Financing a college education is a problem I identify with this fall: my eighteen-year-old son is now a freshman in college, and his brother is two years behind him. Hundreds of parents who are facing college costs for the first time are in a state of near shock.

I used to be a high school counselor and am now a college dean of admissions, and I have discussed the opportunities of the college experience with many students and parents. When they hear that it will cost $4,568 per year (1976–77 mean for private four-year colleges) for a student to attend X college or $2,790 per year (1976–77 mean for public four-year colleges) for a student to attend Y university, many automatically turn off the possibility of X or Y right on the spot. But let’s explore the alternatives of financing a college education.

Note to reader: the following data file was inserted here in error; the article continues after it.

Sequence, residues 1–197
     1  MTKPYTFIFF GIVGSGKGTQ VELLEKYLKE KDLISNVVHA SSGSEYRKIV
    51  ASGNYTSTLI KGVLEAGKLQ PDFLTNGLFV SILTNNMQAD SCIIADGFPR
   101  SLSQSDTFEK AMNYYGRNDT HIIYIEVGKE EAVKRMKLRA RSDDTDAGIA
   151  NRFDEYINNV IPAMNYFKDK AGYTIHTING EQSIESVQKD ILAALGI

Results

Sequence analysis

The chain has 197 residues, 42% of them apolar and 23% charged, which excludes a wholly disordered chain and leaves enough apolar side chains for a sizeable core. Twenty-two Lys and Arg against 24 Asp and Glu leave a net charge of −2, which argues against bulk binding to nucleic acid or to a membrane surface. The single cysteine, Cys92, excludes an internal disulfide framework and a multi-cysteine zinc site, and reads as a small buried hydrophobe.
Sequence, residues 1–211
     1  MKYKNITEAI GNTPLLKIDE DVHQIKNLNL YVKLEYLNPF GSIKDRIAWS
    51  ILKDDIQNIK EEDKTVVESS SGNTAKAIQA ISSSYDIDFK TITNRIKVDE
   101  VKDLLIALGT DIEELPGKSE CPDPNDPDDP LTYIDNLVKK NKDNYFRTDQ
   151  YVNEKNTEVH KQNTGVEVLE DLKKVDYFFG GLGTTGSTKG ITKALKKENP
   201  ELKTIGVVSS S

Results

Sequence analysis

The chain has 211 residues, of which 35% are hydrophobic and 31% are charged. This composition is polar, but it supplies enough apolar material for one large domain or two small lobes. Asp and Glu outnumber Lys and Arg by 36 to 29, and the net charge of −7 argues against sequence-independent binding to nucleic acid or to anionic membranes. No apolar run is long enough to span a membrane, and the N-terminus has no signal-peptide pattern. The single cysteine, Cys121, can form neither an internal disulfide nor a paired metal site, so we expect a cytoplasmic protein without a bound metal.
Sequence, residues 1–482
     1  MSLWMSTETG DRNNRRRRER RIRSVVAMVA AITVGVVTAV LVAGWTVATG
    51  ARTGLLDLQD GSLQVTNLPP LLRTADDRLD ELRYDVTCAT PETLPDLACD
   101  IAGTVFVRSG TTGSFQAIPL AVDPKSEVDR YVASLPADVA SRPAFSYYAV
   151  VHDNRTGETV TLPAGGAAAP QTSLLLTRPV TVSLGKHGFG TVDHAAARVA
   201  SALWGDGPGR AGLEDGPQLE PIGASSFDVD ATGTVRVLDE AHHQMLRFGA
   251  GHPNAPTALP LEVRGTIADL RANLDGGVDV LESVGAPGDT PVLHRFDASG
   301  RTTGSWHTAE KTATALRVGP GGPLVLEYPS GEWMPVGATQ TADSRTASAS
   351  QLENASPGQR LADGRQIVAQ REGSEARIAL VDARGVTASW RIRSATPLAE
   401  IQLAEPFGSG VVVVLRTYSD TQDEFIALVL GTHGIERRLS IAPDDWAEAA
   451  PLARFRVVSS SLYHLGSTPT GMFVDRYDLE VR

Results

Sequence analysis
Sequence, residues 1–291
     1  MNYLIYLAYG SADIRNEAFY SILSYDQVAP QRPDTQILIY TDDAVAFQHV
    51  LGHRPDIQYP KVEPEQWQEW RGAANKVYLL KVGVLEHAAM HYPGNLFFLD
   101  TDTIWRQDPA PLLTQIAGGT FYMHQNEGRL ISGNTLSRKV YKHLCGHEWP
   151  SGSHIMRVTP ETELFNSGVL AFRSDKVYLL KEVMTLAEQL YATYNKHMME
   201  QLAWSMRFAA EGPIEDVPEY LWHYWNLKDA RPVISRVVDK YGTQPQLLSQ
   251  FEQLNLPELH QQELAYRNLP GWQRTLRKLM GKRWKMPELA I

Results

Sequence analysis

I believe that a student should be able to attend the college that will best serve and develop his or her abilities regardless of costs. The basic responsibility for paying the cost of education rests with the student and his family. Financial aid from various sources is supplementary to the family’s efforts. For the best chances of receiving aid, a student must plan ahead. Among the many possible sources of aid are colleges and universities, federally supported programs, state scholarships and loan programs, commercial banks, and insurance companies.

As I walk across our campus, I often see a student whose family simply cannot afford to send him to our college. But here he is with a pile of books under his arm. How do they do it? Tremendous sacrifice by the parents, to be sure. Plus the son’s willingness to work part-time as a janitor in a downtown Seattle office and hold a summer job as a deckhand ...

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